John Gruber on why he refuses to embed Flash on his site:

As for why I refuse to embed Flash, let me put it this way. I use and highly recommend ClickToFlash, which blocks all Flash content by default. Why would I publish content using a technology that I personally block by default? I truly hope to see Flash fade as the de facto standard for embedded web video, and I’m willing to put my markup where my mouth is.

I am an avid ClickToFlash user as well and until recently thought the internet was for pr0n text. It would be nice to be able to embed H.264 videos from Youtube.

Why Gruber Refuses to Embed Flash


Michael Arrington on the topic of online privacy.

Back in 2006 people still had a notion of privacy online, particularly around contact information. Today those walls are crumbling. People share information today without blinking that they never would have considered sharing in the past. Things that bother us today probably won’t matter much this time next year.

It might seem a lost battle in the mindset of people, but the more information is readily available the more people will become aware of sharing less. Expect big battles with law makers in countries such as Germany.

What Happened to Online Privacy

Advice, Problogging

Blog Advice from a Journalist Who Started as Blogger

Last weekend while chatting with friend Thord D. Hedengren I joked about one of the things I learned over the last 4 years, dealing with pro bloggers. The bloggers who will write tutorials how to get traffic, how to promote your blog and similar crap. Of course I could not not twitter my joke:

What I learned from ‘pro bloggers’: Gimme a topic & within 3hrs I’m an authority all while BEING drunk!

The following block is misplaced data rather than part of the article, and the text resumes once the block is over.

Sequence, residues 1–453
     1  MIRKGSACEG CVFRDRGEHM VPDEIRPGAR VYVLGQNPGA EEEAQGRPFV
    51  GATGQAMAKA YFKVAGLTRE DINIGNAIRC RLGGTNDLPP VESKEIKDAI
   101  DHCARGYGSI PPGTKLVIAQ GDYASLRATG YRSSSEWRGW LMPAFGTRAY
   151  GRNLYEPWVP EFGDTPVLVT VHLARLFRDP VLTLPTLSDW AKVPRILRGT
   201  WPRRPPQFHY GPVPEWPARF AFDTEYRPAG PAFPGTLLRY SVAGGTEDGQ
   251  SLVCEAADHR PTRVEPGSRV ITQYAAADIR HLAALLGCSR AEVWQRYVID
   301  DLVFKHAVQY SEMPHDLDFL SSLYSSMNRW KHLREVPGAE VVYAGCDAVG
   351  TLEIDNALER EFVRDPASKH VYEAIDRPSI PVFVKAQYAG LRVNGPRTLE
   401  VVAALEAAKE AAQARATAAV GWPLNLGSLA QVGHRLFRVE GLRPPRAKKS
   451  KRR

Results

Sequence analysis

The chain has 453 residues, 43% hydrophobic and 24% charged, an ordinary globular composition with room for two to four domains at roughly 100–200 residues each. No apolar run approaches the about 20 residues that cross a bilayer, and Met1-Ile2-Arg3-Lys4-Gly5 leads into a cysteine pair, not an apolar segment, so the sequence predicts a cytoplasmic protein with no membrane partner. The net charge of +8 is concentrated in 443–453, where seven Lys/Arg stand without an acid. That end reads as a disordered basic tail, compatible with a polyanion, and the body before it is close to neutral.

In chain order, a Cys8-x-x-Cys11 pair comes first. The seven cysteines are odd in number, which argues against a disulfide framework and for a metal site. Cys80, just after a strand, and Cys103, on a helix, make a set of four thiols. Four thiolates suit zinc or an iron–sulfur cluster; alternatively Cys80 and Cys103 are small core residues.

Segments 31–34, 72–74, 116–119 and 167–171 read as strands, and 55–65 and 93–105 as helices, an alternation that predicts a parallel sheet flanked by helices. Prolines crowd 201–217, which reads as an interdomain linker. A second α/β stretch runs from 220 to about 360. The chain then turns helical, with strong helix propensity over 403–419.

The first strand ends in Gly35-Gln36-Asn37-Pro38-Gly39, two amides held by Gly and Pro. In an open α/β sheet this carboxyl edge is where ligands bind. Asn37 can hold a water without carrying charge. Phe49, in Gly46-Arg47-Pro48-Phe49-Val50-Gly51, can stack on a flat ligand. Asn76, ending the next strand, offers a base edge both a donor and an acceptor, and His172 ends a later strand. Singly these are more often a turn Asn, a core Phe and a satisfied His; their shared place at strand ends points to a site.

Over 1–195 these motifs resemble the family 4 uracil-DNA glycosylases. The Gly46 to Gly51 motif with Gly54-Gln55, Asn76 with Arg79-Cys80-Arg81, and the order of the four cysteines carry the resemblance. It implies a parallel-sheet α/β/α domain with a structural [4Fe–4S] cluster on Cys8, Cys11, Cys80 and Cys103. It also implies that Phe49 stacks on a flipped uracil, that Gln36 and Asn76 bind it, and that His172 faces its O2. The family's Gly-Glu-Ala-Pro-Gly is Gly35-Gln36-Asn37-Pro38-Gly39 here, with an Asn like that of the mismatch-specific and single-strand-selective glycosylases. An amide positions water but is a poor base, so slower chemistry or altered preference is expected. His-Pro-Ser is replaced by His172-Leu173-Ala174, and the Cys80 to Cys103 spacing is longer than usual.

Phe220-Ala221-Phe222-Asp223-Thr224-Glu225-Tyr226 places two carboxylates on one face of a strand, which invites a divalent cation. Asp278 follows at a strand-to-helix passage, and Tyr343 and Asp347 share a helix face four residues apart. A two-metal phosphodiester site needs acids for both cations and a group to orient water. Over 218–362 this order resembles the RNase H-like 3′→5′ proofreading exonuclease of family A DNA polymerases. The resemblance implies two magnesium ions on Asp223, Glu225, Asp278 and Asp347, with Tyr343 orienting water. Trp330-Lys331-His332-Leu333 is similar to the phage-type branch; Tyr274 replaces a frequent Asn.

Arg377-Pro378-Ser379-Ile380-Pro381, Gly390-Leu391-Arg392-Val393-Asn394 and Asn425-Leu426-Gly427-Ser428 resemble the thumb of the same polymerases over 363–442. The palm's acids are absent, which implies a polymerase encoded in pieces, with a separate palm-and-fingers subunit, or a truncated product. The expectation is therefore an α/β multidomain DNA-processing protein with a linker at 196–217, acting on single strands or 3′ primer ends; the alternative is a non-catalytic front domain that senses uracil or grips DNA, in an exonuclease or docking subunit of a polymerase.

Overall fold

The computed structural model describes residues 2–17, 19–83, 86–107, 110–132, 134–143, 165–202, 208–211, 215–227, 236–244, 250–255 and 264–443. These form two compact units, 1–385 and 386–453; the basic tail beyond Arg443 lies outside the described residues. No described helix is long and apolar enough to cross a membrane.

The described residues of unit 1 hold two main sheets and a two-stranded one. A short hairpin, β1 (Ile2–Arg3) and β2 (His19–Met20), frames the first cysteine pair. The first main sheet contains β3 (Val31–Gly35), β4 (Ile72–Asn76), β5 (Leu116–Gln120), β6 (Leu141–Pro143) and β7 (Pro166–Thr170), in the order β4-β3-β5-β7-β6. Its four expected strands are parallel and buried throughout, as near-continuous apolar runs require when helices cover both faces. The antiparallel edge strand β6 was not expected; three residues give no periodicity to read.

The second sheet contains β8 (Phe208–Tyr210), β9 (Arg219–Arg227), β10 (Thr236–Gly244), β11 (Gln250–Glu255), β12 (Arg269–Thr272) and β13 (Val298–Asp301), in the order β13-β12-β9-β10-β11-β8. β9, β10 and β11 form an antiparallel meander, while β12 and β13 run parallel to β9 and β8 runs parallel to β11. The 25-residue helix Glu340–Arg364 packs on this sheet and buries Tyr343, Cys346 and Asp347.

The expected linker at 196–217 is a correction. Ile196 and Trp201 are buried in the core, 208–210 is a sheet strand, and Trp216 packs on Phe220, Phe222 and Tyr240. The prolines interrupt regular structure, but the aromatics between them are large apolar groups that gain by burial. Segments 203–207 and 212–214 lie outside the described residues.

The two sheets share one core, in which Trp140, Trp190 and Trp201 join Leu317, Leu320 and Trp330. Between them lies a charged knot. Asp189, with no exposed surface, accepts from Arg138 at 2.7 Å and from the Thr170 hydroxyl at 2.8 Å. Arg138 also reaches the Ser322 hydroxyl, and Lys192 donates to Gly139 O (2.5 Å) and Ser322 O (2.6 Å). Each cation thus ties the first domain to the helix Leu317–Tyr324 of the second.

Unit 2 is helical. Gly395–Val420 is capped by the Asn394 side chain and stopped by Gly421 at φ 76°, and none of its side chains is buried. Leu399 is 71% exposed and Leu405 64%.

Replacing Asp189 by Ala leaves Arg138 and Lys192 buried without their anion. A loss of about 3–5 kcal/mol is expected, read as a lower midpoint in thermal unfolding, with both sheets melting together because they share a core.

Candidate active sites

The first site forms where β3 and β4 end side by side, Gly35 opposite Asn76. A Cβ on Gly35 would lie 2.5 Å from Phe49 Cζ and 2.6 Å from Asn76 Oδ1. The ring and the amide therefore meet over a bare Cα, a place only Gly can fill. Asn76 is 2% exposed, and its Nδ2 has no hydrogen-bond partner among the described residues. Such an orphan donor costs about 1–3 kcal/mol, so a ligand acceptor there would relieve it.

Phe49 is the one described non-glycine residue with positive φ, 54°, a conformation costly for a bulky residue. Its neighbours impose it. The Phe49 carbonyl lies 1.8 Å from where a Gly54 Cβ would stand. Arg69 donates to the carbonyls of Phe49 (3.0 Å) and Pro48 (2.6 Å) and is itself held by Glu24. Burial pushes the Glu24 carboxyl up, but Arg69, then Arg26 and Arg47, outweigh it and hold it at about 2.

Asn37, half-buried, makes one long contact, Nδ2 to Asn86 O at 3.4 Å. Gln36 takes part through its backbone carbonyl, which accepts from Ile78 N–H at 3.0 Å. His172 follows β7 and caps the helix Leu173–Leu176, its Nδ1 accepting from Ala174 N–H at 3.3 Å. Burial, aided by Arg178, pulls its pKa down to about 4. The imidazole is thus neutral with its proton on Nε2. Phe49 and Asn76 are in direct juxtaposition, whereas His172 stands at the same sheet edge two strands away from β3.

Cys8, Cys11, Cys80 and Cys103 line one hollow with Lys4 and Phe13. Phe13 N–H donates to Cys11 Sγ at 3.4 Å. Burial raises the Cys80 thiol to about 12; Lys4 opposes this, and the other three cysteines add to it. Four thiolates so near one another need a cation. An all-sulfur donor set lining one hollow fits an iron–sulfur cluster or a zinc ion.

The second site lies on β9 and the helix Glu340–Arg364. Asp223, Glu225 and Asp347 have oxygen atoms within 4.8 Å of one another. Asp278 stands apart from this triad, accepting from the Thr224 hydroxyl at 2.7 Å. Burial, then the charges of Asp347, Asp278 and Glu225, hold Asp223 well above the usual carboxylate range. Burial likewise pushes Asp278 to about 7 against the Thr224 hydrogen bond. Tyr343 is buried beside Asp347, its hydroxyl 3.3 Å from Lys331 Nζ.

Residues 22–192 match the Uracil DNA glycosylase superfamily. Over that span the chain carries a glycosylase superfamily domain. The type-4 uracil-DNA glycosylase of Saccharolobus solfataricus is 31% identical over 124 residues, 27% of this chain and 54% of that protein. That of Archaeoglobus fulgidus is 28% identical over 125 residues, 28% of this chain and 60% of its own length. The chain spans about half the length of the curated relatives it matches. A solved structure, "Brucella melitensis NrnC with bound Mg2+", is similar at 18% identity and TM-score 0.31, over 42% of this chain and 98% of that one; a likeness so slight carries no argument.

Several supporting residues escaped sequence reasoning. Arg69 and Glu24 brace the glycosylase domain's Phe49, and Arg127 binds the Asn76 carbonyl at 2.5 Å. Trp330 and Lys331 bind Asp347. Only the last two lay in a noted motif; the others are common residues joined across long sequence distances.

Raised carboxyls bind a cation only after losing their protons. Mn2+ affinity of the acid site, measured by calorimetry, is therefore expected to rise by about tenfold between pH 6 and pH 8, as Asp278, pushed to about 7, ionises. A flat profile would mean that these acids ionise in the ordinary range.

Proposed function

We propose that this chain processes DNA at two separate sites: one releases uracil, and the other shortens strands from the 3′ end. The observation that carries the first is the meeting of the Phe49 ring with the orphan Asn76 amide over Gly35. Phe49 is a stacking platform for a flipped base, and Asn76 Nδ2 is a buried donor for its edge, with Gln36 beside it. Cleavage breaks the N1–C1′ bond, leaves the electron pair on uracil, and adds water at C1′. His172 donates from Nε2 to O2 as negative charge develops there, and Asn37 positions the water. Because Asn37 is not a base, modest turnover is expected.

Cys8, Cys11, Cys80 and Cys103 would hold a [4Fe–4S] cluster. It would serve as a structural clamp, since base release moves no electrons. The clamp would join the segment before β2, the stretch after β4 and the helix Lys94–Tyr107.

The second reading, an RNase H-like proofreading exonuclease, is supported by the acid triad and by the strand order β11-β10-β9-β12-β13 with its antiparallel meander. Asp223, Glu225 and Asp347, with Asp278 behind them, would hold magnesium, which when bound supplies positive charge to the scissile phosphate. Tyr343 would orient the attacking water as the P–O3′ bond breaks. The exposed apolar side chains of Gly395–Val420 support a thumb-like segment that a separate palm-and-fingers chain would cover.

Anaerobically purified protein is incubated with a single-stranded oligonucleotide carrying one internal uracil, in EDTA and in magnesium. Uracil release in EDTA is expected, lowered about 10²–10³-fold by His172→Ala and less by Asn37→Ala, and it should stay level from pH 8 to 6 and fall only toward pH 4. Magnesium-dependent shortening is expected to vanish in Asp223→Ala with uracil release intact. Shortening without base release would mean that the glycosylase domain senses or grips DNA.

Lots of work for me to become ‘pro’!

Continue reading

Problogging, Tumbling

Dan Cederholm. Expect more to come on the title over the next weeks.

“I’d like to post here more often — not just to fill up bits and bytes, but to write again. Remember when blogs were more casual and conversational? Before a post’s purpose was to grab search engine clicks or to promise “99 Answers to Your Problem That We’re Telling You You’re Having”. Yeah. I’d like to get back to that here.”

What’s Wrong With Blogging (P1)


Derek Powazek on SEO: Is SEO needed and is it ethical?

And so, like the goat sacrificers and snake oil salesmen before them, a new breed of con man was born, the Search Engine Optimizer. These scammers claim that they can dance the magic dance that will please the Google Gods and make eyeballs rain down upon you.

Do. Not. Trust. Them.

The problem with SEO is that the good advice is obvious, the rest doesn’t work, and it’s poisoning the web.

On SEO and Their Value


Paul Carr hits home.

And yet, I argued back, after camera phone dude helps us establish that the plane has crashed, who can we trust to tell us why it happened? While bloggers can own the first five minutes of any breaking story – a plane crash, a fire, a burglary – it’s always going to be the professional reporters who own the next five days, or five weeks. They walk the streets, work their contacts and – yes – trawl the blogosphere for eye-witness reports, and then take all of that information, analyse it, follow it up and ultimately provide an account of events that readers can trust.

The difference between traditional journalism and bloggers

Problogging, Tumbling

John Gruber on blogging.

There is an easy formula for doing it wrong: publish attention-getting bullshit and pull stunts to generate mindless traffic. The entire quote-unquote “pro blogging” industry — which exists as the sort of pimply teenage brother to the shirt-and-tie SEO industry — is predicated on the notion that blogging is a meaningful verb. It is not. The verb is writing. The format and medium are new, but the craft is ancient.

Blogging is a Meaningless Verb